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Three in four young elite athletes injured over one year

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Young elite athletes face a high risk of injury, Swedish research shows.

The doctoral thesis from Karolinska Institutet examines injury patterns and training and health variables, such as nutritional behaviour, self-esteem, self-perceived stress and sleeping habits, among adolescent elite athletes. It also identifies risk factors for sustaining a sport injury, and explores the consequences of sport injuries and athletes’ perceptions and experience of being injured.

Philip von Rosen, a researcher at the Department of Neurobiology, Care Sciences and Society, conducted the study with adolescent elite athletes from 16 different sports at 24 national sports high schools across Sweden.

“Our studies show that the incidence of injury is high in adolescent elite athletes,” von Rosen said. “During the average week, one in three of them was injured. Over a year, almost all of them had been injured at least once and around 75% reported that they had been seriously injured at least once during the year.”

Girls had the highest rate of injury and remained injured for longer.

The research also showed that the risk of injury increases with low self-esteem, especially in combination with less sleep and higher training volume and intensity.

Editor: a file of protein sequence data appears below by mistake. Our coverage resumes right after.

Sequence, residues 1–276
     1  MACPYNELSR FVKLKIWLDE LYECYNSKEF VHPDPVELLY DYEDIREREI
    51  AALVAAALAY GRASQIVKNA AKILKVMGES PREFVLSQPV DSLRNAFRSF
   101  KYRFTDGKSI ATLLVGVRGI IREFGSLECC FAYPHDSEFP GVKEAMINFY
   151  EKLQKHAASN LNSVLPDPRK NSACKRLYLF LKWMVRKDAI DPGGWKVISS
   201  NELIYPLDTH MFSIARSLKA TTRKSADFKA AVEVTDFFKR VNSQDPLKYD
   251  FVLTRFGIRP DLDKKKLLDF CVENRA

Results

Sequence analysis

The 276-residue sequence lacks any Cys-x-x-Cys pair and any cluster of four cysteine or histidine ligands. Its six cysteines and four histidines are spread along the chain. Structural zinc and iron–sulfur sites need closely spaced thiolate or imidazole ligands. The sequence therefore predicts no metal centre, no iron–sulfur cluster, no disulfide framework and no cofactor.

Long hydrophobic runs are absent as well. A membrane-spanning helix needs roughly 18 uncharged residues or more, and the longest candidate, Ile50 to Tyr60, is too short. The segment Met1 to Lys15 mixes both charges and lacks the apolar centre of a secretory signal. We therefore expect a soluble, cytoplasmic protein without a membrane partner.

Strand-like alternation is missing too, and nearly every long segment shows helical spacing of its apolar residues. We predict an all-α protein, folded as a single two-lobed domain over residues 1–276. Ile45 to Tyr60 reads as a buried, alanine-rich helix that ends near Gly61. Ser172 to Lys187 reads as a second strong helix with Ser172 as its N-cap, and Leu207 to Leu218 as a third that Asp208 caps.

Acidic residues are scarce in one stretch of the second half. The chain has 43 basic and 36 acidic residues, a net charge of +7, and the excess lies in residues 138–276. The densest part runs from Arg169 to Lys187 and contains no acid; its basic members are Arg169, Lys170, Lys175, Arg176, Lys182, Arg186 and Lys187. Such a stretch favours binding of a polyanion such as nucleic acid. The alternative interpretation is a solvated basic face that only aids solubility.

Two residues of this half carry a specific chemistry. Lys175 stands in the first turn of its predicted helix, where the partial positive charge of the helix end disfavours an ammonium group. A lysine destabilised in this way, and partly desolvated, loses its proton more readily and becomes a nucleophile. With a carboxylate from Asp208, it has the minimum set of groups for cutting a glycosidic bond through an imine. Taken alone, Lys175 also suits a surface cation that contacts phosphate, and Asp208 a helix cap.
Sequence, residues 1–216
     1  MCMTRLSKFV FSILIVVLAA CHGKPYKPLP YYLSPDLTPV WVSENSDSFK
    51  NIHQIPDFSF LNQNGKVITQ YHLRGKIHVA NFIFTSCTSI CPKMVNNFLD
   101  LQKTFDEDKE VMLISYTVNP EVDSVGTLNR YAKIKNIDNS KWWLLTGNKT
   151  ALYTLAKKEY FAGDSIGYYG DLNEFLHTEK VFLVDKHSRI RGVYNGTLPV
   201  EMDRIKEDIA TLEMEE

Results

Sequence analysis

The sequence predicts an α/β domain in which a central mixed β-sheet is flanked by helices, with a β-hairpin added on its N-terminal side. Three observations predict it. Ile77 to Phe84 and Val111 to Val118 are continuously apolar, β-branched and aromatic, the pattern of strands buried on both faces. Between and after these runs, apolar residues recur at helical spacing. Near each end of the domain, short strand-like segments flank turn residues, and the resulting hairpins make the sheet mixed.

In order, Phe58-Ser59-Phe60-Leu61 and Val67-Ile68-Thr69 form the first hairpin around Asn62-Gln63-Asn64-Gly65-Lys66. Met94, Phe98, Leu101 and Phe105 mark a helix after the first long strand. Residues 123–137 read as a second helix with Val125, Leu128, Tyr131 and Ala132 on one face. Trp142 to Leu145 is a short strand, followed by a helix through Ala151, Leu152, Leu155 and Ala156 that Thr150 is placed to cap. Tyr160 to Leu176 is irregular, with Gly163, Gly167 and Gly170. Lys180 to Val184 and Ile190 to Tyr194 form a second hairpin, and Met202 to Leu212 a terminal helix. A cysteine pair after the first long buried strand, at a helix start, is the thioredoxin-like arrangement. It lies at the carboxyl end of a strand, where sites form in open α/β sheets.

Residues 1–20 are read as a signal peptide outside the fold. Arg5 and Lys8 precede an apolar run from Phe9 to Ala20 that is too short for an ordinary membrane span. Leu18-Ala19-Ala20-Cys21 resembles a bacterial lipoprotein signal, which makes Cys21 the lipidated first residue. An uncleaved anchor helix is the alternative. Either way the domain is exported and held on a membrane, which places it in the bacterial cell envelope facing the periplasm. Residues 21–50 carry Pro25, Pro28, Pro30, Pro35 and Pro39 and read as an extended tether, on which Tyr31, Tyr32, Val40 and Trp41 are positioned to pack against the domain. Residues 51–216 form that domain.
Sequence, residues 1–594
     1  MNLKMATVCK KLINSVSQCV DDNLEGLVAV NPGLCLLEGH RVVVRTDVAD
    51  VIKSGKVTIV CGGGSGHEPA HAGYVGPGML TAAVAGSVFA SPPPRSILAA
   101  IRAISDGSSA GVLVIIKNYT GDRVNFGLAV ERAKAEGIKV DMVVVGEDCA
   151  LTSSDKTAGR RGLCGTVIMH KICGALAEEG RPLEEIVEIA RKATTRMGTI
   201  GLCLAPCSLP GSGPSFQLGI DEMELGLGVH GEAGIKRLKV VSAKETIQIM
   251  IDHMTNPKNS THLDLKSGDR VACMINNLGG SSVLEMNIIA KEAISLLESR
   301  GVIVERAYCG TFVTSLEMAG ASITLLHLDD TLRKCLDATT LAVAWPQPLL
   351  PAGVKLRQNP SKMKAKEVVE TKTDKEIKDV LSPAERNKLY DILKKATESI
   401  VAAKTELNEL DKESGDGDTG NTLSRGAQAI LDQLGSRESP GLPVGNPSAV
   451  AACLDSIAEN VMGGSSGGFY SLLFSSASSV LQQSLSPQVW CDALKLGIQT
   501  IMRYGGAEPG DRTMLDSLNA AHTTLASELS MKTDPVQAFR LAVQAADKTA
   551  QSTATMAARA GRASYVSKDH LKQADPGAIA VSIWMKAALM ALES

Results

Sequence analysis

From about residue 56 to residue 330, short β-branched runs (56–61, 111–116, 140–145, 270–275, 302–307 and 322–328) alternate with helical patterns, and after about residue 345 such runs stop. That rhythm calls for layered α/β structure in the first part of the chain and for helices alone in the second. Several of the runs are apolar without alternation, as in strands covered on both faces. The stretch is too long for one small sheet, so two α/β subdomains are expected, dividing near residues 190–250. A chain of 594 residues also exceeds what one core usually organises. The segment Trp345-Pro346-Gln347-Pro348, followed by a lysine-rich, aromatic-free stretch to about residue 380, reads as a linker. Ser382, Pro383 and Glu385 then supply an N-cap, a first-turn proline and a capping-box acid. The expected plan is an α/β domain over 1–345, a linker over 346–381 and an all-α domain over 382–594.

Athletes who increased the volume and intensity of their training while reducing the duration of their sleep showed a 100% rise in risk of injury. Meanwhile, athletes with low self-esteem who increased the volume and intensity of their training while cutting back on sleep had three times the risk of injury compared to an athlete with average self-esteem who had not changed their training or sleeping habits.

“The high risk of injury in adolescent elite athletes shows that early-intervention injury-prevention strategies are needed in order to avoid long-term consequences of injury and to encourage continuing engagement in sport,” von Rosen said.

Focus group discussions revealed that being injured can lead to a loss of identity for young elite athletes, and they often experience loneliness, self-blame or self-criticism.

Medical teams should be made available to these athletes to reduce the unhealthy behaviour associated with being injured, to prevent new injuries and to help injured athletes return to sport, von Rosen recommended.